The amazing thing about this song – a real skill of the Police – is a really sad song that at first glance does not sound like a sad song but immediately feels like one. It’s the best example of that weird juxtaposition that so many 80s songs had, with those danceable beats and deep, sad truths.
With that being said, Alanis Morissette’s cover version (recorded for her Unplugged session) is a beautiful cover because it does two things:
It strips the song down but it keeps the structure.
It keeps the melody, my god, it keeps the f***ing melody. Do you know how many musicians cover a song in a “naked” version and then completely butcher up the melody? I’ve written about it over and over again, that’s how many. She plays a little bit with it by the end of it but that’s about it.
I also really like how Alanis manages to turn this specific 80s-sounding song into a song that has a distinct sound of the 90s with the jazzy piano and of course her voice which is part of the 90s musical canon.
Whether it’s that late 80s early 90s indie guitar or that banger of a chorus, Anna Calvi’s new single is absolutely mesmerizing. It’s such a statement piece, a true, pure single that takes bits and pieces of older pop but reframes them in ways that place this song steadily in the year 2018. This is alternative post punk rolled up in the pathos of Frankie goes to Hollywood. And that video – well, I am not into sexy videos but this is one heck of a sexy video.
I recommend the whole album (“Hunter”) by the way, because it’s basically this song but different. Everything on this album is super intense, retrograde 80s and brilliant. It is a bop.
I am planing this list for a while now because some of my favorite movies involve tight underground spaces. The reason is simple: claustrophobia is wide-spread, darkness is horrible and everything underground always counts as a metaphor for burials, death and hell, so if that’s not enough for horror movies, I don’t know what is.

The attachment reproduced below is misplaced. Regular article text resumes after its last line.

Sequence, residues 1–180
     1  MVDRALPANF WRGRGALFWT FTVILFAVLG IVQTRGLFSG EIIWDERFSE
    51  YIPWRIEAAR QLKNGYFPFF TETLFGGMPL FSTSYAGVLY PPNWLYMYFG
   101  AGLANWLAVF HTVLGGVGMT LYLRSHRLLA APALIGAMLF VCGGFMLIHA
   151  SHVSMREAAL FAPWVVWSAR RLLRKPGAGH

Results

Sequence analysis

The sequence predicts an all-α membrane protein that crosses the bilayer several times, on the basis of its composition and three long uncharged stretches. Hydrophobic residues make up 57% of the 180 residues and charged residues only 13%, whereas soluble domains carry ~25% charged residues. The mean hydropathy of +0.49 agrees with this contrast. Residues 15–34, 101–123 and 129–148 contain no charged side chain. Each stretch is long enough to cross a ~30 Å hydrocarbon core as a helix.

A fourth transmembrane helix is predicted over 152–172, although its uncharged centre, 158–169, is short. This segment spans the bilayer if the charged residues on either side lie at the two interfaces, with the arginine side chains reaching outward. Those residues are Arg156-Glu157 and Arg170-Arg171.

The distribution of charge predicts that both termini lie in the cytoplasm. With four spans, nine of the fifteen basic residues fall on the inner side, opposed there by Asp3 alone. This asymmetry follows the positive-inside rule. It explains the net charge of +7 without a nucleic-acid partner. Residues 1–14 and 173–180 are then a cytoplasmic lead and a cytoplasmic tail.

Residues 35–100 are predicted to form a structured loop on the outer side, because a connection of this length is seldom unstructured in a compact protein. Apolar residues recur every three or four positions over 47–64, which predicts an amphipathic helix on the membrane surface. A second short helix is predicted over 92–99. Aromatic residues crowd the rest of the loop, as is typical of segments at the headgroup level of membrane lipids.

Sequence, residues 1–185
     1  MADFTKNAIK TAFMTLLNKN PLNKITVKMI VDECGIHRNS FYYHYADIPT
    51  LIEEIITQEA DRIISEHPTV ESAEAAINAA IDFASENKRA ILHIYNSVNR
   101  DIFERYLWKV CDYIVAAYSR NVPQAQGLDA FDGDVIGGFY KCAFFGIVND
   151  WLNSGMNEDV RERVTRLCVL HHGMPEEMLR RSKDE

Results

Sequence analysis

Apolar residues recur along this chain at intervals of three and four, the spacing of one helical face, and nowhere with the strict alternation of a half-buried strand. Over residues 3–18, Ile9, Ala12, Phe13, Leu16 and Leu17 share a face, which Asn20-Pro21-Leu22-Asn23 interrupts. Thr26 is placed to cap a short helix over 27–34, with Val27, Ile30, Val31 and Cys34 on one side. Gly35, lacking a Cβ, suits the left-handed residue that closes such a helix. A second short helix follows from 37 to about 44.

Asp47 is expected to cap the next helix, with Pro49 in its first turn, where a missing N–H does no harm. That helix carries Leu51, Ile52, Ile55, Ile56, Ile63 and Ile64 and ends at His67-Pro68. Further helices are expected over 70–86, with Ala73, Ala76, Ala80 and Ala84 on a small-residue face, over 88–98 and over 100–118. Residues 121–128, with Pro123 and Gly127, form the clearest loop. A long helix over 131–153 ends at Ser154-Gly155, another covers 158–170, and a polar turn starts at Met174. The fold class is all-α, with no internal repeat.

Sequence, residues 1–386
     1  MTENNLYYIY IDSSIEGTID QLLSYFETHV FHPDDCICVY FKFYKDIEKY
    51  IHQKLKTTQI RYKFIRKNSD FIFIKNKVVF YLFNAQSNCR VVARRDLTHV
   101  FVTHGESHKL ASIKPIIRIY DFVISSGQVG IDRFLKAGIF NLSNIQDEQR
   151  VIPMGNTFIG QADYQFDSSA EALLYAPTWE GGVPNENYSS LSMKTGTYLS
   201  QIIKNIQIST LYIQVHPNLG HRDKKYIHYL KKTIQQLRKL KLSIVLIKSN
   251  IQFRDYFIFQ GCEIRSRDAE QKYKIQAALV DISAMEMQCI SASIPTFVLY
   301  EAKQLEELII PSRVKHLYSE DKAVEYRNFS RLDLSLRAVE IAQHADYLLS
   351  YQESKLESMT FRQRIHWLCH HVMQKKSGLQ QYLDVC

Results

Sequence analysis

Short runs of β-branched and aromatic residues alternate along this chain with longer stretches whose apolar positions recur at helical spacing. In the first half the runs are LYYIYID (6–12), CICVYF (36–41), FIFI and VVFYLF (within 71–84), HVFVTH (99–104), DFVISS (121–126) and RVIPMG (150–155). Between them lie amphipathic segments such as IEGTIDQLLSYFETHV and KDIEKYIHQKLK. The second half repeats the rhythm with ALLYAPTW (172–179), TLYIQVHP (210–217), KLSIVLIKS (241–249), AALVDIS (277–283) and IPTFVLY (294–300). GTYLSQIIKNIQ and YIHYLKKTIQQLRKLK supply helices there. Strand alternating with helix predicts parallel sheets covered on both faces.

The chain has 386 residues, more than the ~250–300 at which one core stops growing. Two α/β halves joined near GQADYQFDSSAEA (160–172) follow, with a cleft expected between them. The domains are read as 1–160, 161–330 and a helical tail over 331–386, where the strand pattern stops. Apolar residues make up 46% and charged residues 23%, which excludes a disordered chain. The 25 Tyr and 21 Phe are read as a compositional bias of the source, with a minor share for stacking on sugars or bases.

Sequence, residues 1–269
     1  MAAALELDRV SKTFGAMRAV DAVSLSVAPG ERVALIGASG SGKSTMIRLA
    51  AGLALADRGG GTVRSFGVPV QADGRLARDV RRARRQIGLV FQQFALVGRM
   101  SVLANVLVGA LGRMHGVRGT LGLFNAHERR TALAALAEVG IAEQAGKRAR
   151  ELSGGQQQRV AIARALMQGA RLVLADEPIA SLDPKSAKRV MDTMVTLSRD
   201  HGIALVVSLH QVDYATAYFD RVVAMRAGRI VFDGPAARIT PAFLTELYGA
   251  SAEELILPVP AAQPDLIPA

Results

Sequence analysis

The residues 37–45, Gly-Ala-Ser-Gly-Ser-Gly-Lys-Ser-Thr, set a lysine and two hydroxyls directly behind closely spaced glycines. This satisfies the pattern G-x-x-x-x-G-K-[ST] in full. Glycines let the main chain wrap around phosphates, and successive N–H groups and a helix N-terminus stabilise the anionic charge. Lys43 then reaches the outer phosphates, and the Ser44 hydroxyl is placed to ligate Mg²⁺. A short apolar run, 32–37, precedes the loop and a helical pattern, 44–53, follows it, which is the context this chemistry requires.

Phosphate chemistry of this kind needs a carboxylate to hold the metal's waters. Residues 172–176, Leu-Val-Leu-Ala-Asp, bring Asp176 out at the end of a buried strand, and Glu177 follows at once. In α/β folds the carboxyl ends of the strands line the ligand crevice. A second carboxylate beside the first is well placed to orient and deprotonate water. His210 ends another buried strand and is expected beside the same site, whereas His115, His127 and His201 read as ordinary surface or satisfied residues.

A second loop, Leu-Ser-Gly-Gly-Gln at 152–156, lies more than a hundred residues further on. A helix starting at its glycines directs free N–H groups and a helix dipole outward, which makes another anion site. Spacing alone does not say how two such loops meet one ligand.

As usual: I try to avoid heavy spoilers but I will talk about the plot, so there might be some spoilers out of a necessity. “Is good” might be enough for Czernobogh but it’s not enough for me.
Oh and: be careful with the trailers. Usually, trailers have massive spoilers when it comes to horror movies. So watch at your own risk. Continue reading
Look, it might be that I heard the Flying Pickets first with their version of “Only You”. It might even be that I really loved that version and put it on all my mixtapes. But as soon as on some 80s sampler or the other Yazoo turned up and Alison Moyet drowned everything in her soulful voice, I was done with the Flying Pickets (and you know how much I love a cappella).
Margaret Thatcher supposedly liked this song version.
This is one of those instances that completely obliterate the popular version as soon as you hear the original. Because Alison sings it so sweetly and the synth-sounds by songwriter Vince Clarke give this the weird 80s polish that exemplified great vocals back then. I really love love songs that cling to the fraying ends of a relationship. There’s so many beautiful songs out there (many of them dealing with metaphorical ghosts) and this is yet another example that the time before the break-up can be just as heartbreaking as the break-up itself. There’s an interpretation of this song floating in the web, that Clarke wrote this mainly as a way to deal with his departure from Depeche Mode but as all great songs go, it is about what you hear and feel when you hear it. And thanks to Moyet, that’s a lot.
That outfit is a statement. I don’t know whether I agree with the statement but it is a statement nonetheless.
PS: At some point I should write about Vince Clarke who is also the main composure of Erasure’s songs since 1985 and therefore has written some of the greatest bops of the 80s including his stint with Yazoo.